It was beautiful, so we walked over to OddFellows on the river. I ordered a passion-fruit-pistachio cone, and my son got cookies and cream. He tried a lick of mine, just looked at me, and we switched. I tossed the Oreo after a few bites because I knew I’d get my cone back. I did.

Went home, practiced the ukulele, my pandemic hobby, and went to bed early.

Saturday, March 27
Up at 7 with coffee. I had some Bourke Street Bakery challah, which is so heavenly fresh that even at two weeks old, it was fine for French toast. The challah is $12 or something, so it’s a splurge. I don’t even especially like challah. But we’ll go through two sourdoughs from Winner a week, and it can’t always be sourdough.

I had sugar mixed with grapefruit zest hanging around, so I added that. Felt fancy, possibly didn’t make a big difference? I ate a piece of French toast and a Cara Cara.

Went to the farmers’ market at Grand Army Plaza. My son was hoping to buy “killer-bee honey.” We got eggs, apples, half-sour pickles, and a blueberry muffin.

We met up with two of his friends for a parkour class in the park. It was the first day, and the amazing thing was that the teacher, Natalie, was on Netflix’s Ultimate Beastmaster — she was the one who cut her elbow and smeared blood on her cheeks. What can I say? If you know, you know.

Then we got smoothies — pineapple, coconut, celery, cucumber, lemon — and headed to the playground.

When we left, I stopped at the grocery store for a few basics, including a giant bag of grapes, thinking what I always think, which is, Why do grapes come in a huge bag that’s hard to store in my baby fridge and hard to use up before they get squishy? I could take some out of the bag, but that seems weird, and we are all in this together, buying too many grapes.

At home, I ate a half-sour pickle, which I was psyched about because I forgot I was carrying them around for four hours, and had a few sour-cream-and-onion chips (best chip flavor IMO) and the holy-basil iced tea. Clove-y.

My brother and his family live five blocks away, but we haven’t seen each other much this year. I had a bottle of Cenote tequila I bought last month in a panic-stricken $250 alcohol spree, because all we had was some gross wormwood thing, dry vermouth, and the like, and this is no way to live. Made blood-orange margaritas (voilà, gone!) and brought one of our sour-cherry pies that was in my freezer.

My brother grilled swordfish and veggie kebabs, and I had two margaritas and pie. It was great. The night ended with the kids screaming and spraying whipped cream into their mouths, for real. As soon as I got home, I noticed a blood orange sitting on my desk/table (damn!). It’s shrinking slowly day by day.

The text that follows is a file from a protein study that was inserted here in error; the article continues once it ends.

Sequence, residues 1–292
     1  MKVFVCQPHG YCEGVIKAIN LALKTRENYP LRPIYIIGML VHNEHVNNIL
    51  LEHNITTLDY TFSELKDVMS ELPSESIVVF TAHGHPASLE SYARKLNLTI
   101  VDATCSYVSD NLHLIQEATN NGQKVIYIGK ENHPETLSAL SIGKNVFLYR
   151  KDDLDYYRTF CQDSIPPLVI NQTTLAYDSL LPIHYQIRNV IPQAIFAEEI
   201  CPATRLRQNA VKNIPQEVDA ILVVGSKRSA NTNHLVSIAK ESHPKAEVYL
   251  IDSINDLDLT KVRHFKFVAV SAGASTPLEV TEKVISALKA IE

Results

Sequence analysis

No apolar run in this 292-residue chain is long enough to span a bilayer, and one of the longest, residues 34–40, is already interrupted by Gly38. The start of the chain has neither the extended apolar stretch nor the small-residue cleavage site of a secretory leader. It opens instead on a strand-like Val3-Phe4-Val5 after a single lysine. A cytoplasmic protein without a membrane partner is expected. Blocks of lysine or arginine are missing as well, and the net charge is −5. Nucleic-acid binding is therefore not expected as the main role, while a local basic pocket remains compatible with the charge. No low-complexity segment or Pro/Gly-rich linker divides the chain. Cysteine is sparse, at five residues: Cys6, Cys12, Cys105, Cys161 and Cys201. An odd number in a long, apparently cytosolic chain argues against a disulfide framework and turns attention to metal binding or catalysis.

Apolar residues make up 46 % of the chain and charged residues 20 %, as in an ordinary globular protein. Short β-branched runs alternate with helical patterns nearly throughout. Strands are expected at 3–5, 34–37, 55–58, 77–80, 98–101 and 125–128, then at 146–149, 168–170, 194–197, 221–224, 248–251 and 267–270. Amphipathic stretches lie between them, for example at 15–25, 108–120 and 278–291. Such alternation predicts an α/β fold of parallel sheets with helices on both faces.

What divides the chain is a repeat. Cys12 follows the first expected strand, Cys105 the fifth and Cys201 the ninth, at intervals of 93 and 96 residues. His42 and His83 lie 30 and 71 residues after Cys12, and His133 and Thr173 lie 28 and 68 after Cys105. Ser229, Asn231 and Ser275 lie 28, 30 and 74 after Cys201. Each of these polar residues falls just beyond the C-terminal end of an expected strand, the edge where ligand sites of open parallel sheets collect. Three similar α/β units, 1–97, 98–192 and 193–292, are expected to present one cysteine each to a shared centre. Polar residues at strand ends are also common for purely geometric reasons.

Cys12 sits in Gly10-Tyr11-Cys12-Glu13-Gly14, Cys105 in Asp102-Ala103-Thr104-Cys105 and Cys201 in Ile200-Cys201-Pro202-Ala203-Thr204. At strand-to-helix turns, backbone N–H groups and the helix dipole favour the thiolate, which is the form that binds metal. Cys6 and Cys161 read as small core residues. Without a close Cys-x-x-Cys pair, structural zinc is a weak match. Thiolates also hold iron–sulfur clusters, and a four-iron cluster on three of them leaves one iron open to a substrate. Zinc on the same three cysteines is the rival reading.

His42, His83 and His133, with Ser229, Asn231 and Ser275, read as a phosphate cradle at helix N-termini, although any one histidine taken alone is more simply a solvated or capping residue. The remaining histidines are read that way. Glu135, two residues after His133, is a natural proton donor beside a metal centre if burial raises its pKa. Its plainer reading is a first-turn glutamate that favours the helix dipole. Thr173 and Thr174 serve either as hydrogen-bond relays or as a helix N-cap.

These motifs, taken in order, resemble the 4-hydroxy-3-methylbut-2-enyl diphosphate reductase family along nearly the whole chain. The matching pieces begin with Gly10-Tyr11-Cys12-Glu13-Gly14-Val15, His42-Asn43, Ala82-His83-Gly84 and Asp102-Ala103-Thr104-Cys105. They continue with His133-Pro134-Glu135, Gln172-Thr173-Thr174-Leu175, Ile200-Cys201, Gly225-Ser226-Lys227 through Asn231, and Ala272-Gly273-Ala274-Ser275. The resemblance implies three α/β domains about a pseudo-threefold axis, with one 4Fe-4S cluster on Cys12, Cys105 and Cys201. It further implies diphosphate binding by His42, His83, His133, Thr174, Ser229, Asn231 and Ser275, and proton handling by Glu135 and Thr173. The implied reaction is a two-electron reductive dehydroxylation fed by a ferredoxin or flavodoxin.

I put my son to bed, acknowledged the giant mess in my apartment, and ate two jelly spearmint leaves. Later, I ate some biscotti, and Dan made me a chamomile tea.

Sunday, March 28
Dunked a biscotti in my coffee and then made scrambled eggs on Winner sourdough. It just keeps on giving.

Later, I opened a bag of “bananas Foster” pecans, but they were crazy sweet, so I saved them to add to cookies. Those were weird.

I shifted gears and had the last few bites of turmeric chicken salad and an Oroblanco grapefruit, which Sarah turned me onto. I have so much citrus.

Midafternoon, I had a big bite of ramen with soy sauce and sesame oil, before I gave it to my son, along with half a kombucha. Ramen is in, and omelets are definitely in right now. Pizza has been removed from his diet.

More holy-basil iced tea.

At 4 p.m., I ordered pizza and Greek salad for the babysitter and child who may or may not eat the pizza and broke free of the bonds of motherhood (woo-hoo!) to meet Sarah to go over the week ahead. We made our way over to Diner, our ancestral homeland, and sat outside. We ordered fluke crudo, brandade croquettes, chicken-liver pâté, a Caesar salad, and they sent us a squid, radicchio, and bacon salad. I had a Hemingway daiquiri, Sarah had a spiced-gin drink, and then we drank Schloss Mühlenhof “Das Ist Keine,” a bone-dry skin-contact Riesling blend. I love wine, though I’m not super-knowledgeable about it, but it was delicious, and I’m, you know, keeping this diary. They sent us a chocolate-rye-whiskey mousse and Antica Torino amaro. All in all, an absolute feast.

I took an Uber home and had hot water with half a teaspoon of Calm, a vitamin powder with 2,000 five-star Amazon reviews. Questionable move that feels like a total walk of shame to admit, but we’re among friends.